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Celia Breslin and Bumped by the Banshee

Goosebumps contributor Celia Breslin is an author of urban fantasy and  paranormal romance for Champagne Books. Celia relates: “I grew up listening to my Irish grandmother’s stories about the Fae, including her encounter with a Banshee in her cellar when she was a teenager. Of her many stories, this is my favorite.”

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“Bumped by the Banshee” by Celia Breslin    (Based on actual events as recounted by her grandmother)

I lived in a large two-story house with my parents, sister and grandmother. It was a cold, winter evening, nothing special or out of the ordinary. The family dined together, then my sister and I cleaned up while our parents and grandmother drank tea. We joined them at the dining table to do our homework, but my grandmother said she was tired and went upstairs to bed. My parents followed shortly after that, but my father paused on the landing.

“Maeve, it’s going to be a cold night. Fetch us some coal, please.”

I abandoned my homework, grabbed the empty coal bucket from the kitchen, and went down into the cellar.  I filled my bucket and returned to the stairs. I had one foot on the first step when the temperature in the cellar, already cold, dropped dramatically. Chills ran down my back. Behind me, someone moaned.

But how could that be? I was alone…

Terror rooted me to the spot. The keening grew louder. I dropped my bucket and covered my ears. A cold wind bumped against my back. I stumbled forward as the shrieking wind rushed over me and up the stairs.

But how could that be? The cellar had no windows…

Above me, the cellar door slammed shut. The sound broke me from my stupor. I screamed and ran from the cellar, through the kitchen and dining room, up the stairs to my room. My parents and sister found me under my bed, shaking like a puppy lost in a snowstorm.

“What is it? What’s wrong?” They asked me, while pulling me from my hiding place.

“I heard the Banshee wail.”

We stared at each other in silence, all of us reaching the same conclusion moments later. We hurried to my grandmother’s room.

She was dead.

Copyright 2013, Celia Breslin. No part of this family story may be reproduced or transmitted in any form or by any means, electronic or mechanical without permission from the author. Rita Bay has my permission. 🙂


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Haven is an urban fantasy romance from Champagne Books (July, 2013). If you like vampire stories, you’ll love Haven. Check out the Haven blurb:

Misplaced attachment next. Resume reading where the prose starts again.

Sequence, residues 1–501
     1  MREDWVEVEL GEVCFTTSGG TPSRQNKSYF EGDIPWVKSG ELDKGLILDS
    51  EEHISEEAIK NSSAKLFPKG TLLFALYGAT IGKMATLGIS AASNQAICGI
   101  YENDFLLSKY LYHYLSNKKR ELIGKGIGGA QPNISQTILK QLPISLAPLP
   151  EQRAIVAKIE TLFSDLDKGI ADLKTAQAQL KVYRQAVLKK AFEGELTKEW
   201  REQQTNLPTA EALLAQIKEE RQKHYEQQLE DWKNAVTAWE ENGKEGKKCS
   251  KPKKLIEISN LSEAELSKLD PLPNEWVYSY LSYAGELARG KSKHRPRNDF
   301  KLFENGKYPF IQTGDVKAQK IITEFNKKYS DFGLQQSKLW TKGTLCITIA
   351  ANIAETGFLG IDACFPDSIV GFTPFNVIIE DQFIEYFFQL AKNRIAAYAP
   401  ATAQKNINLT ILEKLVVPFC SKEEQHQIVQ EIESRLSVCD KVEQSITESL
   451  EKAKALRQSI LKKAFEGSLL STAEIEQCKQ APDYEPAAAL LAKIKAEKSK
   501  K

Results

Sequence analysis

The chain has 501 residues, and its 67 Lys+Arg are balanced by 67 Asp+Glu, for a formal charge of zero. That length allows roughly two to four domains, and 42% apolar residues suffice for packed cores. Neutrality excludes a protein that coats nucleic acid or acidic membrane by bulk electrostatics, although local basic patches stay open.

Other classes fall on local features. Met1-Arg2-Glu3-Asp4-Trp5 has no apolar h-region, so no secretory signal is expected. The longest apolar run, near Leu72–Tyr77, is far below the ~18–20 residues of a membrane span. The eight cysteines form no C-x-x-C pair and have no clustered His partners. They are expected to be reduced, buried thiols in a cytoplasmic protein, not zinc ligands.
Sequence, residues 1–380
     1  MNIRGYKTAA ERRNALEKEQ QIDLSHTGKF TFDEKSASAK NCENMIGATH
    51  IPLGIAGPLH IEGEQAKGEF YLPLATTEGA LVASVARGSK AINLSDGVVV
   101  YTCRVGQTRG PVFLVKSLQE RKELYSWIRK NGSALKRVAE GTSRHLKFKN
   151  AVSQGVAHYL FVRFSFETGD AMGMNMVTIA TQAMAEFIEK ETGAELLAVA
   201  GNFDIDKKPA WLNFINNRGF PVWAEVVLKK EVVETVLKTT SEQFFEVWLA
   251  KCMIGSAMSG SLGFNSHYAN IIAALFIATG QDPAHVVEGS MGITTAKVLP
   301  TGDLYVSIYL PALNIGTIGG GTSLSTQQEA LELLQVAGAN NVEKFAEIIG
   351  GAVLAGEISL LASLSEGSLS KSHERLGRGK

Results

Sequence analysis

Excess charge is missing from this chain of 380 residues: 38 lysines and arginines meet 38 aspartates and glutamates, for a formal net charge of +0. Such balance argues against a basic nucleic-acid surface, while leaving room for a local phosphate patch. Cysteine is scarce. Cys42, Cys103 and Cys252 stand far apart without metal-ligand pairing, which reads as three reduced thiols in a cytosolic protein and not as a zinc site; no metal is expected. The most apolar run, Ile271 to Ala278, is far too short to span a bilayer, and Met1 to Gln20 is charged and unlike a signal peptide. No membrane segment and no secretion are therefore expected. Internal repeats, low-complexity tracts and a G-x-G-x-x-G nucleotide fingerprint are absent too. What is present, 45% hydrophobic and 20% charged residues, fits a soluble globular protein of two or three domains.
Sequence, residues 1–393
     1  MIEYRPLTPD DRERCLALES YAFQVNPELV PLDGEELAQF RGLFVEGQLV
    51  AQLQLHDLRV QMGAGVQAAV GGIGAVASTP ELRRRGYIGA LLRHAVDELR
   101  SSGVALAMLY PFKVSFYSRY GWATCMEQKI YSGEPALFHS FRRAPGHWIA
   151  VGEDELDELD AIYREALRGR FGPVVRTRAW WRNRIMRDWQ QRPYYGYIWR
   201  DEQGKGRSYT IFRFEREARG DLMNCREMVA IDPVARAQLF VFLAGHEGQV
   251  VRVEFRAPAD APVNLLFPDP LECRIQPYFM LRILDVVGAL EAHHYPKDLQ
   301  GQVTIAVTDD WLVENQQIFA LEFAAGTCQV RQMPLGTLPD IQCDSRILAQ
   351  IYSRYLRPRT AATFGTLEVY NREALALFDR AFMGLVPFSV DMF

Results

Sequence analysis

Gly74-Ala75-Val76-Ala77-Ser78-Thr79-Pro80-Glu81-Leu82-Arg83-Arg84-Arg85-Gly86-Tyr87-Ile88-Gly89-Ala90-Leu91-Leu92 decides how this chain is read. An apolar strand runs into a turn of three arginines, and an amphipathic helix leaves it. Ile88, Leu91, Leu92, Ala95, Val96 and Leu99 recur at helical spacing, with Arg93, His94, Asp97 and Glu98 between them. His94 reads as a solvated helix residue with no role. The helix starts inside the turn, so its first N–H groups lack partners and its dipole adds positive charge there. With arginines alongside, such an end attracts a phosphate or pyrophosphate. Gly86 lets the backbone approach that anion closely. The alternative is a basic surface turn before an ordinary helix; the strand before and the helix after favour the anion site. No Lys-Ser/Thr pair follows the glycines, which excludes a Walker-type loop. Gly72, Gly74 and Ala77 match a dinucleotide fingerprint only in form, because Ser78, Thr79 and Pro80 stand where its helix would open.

Haven_San Francisco nightclub owner Carina Tranquilli works hard, plays hard, and never allows the death of her parents and her twelve-year memory gap to get her down. But her life takes a left turn when a witch attacks her on her twenty-fifth birthday.

Three hauntingly familiar vampires emerge to reveal she possesses a latent power. To protect her from their enemies, they admit to wiping her memories clean and abandoning her as a child, but now they need her help. As she struggles to evade her new protectors and even newer enemies, she meets Alexander, an enigmatic, undead musician. Insta-lust flares, leaving her wanting more.

With evil’s minions hounding her every move, and everything she thought she knew turned on its head, Carina must harness her burgeoning power, unravel her vampire family’s web of deceit, and fight to have a love life…without getting killed in the process.

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Haven Buy Links: Champagne / Amazon

Visit Celia’s WEBPAGE or follow her on FACEBOOK / TWITTER.


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Welcome Goosebumps Author Lynn Rae

Goosebumps Author is Lynn Rae writes contemporary romance. She’s published with Musa and Sweet Cravings Publishers. Her paranormal story was a workplace incident.

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Let’s Not Play Hangman

The following is a true story.

I used to work as a museum director in a medium sized town in Ohio. My work took place in a historic house with an addition we used for exhibits. The place was under constant renovation and the sound of saws and hammers and a fine coating of sawdust and sanded plaster were everywhere, so whenever someone invited me to go out and visit another site, I was happy to leave the building for a few hours.